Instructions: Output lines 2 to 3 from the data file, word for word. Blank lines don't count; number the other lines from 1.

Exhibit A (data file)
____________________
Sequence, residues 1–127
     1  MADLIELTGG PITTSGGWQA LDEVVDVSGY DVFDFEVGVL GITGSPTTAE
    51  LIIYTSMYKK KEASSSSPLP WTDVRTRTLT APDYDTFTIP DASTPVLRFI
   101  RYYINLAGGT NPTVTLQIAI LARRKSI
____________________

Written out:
     1  MADLIELTGG PITTSGGWQA LDEVVDVSGY DVFDFEVGVL GITGSPTTAE
    51  LIIYTSMYKK KEASSSSPLP WTDVRTRTLT APDYDTFTIP DASTPVLRFI